LITTLE ROCK — Knowing Bret Bielema's reputation for running the football, the offensive flair and mix of Arkansas' offense in the Red-White game was surprising.
LITTLE ROCK — Knowing Bret Bielema’s reputation for running the football, the offensive flair and mix of Arkansas’ offense in the Red-White game was surprising.
During the first half, Arkansas attempted 29 passes and ran the ball 27 times and a couple of those runs were supposed to be passes.
Given a total of 56 plays, the guess would have been 24 pass — just enough to give both Brandon Allen and Brandon Mitchell an opportunity to do some things throwing — and 32 run.
We won’t know until the fall whether the first look at the offense of the new Arkansas head coach and his offensive coordinator, Jim Chaney, was a true read on the plays that will be called when something is on the line. But, knowing variety is available is encouraging.
Watching on TV, the offensive line, including tight ends galore, won some and lost some vs. a front four that is the strength of the defense. At least once, Arkansas showed three tight ends and threw the ball. At least once, Arkansas had four receivers.
In between, Arkansas both ran and threw out of the I, the offset I, single back, and the shotgun.
The “student body” sweep was appreciated on a couple of occasions. Also attention-getting was a draw out of the shotgun and a well-designed screen pass.
During the meaningful first half, Allen was 10-of-15 for 146 yards and Mitchell was 10-of-14 for 119 yards. Mitchell’s numbers would have been more impressive, but D’Arthur Cowan wasn’t able to hang on in the end zone after running by a defender and getting one hand on the pass. Allen missed an opportunity for a big play, overthrowing Javontee Herndon behind the secondary. Later, they were on the same page on a back-shoulder throw.
Disconcerting is the fact that receivers were often open. Play at linebacker and in the secondary has loomed large since the end of last year’s disastrous season and those questions were not answered. Much like Darius Winston did last year, defensive back Carroll Washington turned the wrong way and Allen connected with Jeremy Sprinkle for a touchdown.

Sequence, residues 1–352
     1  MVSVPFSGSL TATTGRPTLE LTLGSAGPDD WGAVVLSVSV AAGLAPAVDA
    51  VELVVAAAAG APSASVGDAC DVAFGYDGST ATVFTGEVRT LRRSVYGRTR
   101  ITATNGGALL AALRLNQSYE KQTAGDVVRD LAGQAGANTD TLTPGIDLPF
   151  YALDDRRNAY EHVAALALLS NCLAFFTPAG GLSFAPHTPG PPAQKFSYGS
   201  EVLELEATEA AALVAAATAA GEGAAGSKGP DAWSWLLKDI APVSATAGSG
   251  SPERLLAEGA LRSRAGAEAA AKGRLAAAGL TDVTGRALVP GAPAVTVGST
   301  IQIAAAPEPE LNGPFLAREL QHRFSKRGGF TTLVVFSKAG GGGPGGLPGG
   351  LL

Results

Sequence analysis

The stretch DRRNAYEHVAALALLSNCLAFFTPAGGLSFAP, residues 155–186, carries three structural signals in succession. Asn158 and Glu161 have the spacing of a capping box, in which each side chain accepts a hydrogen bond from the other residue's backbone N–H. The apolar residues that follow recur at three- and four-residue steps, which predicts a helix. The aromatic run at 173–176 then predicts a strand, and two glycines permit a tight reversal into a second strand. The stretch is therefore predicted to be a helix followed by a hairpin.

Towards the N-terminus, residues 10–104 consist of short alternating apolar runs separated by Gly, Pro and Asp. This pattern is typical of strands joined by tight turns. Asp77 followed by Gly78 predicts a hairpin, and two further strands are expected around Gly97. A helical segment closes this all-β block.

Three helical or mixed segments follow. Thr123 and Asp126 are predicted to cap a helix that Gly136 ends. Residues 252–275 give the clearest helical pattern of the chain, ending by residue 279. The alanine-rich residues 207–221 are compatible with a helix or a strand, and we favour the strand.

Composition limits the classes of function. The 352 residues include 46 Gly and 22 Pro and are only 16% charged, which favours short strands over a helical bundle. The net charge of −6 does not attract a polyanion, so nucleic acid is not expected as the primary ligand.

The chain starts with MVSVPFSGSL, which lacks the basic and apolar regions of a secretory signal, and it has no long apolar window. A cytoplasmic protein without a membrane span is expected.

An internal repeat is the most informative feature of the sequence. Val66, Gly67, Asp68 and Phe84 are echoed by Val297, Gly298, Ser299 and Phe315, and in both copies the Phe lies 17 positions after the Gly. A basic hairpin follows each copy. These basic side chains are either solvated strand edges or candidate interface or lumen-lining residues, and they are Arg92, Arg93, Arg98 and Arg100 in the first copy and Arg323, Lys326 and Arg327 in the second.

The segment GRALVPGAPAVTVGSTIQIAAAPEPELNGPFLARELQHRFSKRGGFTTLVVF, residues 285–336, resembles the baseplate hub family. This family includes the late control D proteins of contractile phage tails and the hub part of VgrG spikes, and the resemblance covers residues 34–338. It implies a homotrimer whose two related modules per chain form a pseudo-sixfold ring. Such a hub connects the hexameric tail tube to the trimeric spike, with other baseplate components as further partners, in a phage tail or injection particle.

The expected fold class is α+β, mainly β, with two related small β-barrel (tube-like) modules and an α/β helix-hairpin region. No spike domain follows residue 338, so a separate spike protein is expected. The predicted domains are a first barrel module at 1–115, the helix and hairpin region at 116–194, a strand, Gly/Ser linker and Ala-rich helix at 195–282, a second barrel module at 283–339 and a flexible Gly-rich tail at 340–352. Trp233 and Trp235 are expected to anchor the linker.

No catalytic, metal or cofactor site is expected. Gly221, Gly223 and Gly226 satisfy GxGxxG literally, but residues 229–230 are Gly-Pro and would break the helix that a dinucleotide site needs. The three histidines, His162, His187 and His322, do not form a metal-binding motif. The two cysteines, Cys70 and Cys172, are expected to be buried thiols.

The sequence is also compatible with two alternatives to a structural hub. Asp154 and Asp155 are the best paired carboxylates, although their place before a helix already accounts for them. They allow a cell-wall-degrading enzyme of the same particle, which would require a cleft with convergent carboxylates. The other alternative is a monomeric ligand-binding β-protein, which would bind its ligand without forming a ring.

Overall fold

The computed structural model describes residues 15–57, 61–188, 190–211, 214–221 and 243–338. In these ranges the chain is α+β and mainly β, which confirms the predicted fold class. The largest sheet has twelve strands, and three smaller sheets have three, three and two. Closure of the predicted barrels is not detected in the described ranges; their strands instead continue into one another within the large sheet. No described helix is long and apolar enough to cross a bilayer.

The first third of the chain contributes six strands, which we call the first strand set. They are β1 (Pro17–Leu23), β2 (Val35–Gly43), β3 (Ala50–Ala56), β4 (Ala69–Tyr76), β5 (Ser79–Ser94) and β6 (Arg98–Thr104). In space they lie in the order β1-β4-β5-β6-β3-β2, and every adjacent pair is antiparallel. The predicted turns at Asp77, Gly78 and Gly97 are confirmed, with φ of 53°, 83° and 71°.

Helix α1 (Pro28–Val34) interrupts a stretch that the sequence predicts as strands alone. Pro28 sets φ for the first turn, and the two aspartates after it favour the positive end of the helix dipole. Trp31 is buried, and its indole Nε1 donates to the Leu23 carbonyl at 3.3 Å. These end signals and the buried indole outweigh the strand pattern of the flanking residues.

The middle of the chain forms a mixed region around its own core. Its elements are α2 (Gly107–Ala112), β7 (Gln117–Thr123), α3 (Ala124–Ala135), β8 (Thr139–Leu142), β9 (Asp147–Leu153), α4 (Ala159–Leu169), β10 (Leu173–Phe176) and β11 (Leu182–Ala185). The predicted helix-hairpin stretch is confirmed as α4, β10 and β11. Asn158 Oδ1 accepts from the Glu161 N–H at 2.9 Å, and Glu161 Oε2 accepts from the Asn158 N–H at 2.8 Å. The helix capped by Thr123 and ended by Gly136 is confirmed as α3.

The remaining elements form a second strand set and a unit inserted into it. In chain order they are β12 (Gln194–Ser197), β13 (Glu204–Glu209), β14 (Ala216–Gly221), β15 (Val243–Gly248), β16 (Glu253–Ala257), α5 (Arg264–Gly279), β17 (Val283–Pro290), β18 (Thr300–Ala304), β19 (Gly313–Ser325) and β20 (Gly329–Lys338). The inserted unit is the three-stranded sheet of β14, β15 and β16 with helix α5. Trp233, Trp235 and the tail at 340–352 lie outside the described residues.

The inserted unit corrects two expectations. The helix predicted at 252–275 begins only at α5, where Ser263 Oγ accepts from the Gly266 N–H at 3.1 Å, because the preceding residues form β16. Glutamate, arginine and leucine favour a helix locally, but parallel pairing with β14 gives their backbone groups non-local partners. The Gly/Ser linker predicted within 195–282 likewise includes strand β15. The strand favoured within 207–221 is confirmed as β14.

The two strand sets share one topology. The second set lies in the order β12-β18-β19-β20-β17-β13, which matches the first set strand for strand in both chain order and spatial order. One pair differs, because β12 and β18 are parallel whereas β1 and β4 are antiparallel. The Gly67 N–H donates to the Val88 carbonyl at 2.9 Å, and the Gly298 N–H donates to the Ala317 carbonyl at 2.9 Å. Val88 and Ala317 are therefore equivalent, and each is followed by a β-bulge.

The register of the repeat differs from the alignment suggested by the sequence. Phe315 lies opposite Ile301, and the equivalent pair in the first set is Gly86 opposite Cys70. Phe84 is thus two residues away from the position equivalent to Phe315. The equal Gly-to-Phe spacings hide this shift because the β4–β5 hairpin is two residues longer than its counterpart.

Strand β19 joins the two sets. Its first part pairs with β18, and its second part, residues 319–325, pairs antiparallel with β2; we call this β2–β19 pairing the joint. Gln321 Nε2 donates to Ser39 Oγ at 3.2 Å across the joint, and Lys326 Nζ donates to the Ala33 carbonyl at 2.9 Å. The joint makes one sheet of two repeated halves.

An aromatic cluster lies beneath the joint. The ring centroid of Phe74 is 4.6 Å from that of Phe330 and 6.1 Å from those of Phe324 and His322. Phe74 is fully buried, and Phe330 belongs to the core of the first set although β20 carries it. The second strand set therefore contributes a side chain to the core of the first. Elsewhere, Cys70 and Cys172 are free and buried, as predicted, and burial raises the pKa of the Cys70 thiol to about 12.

Mitchell suffered an interception in the end zone by Tiquention Coleman, one of many junior college players who are expected to contribute immediately. However, it appeared Coleman was responsible for Sprinkle on Allen’s touchdown pass.
Pressing Allen for the starting job, Mitchell bounced back nicely from his turnover, orchestrating a 13-play, 91-yard drive that lasted more than six minutes.
Watching the running backs, you have to believe that incoming freshman Alex Collins will have an excellent opportunity to play immediately providing he can hang onto the football. High school to college is a major leap, but running backs can make the the jump quicker than players at other positions.
With the clock running non-stop in the second half and most of the starters on the sideline, Nate Holmes looked to be the fastest of the running backs and produced an 18-yard scoring run that was the highlight of the afternoon.
Likely starter Jonathan Williams made only 29 yards on nine carries. Kody Walker, sidelined in 2011 with stress fractures in both shins and in 2012 with a broken leg, showed some speed on a draw and, on another occasion, made a decent cut at the line of scrimmage for a nice gain.
Walk-on Patrick Arinze’s speed is questionable, but he was the rushing leader with 66 yards on nine carries. A replay of his 21-yard gain showed no linebacker and a hole 6 feet wide.
In defense of the linebacker play, the group has little experience. Learning on the job is a must in the first three games.
Even though the demonstration was against a suspect defense, the offensive versatility provided talking points to sustain fans for a couple of months. Reality will be here soon enough.
Harry King is sports columnist for Stephens Media’s Arkansas News Bureau. His email address is firstname.lastname@example.org.